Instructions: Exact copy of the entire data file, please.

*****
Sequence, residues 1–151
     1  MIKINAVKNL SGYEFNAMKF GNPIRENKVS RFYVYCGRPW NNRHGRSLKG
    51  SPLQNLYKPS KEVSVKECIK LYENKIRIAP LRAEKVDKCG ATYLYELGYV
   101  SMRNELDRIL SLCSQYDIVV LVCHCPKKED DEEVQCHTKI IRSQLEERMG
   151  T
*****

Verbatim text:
Sequence, residues 1–151
     1  MIKINAVKNL SGYEFNAMKF GNPIRENKVS RFYVYCGRPW NNRHGRSLKG
    51  SPLQNLYKPS KEVSVKECIK LYENKIRIAP LRAEKVDKCG ATYLYELGYV
   101  SMRNELDRIL SLCSQYDIVV LVCHCPKKED DEEVQCHTKI IRSQLEERMG
   151  T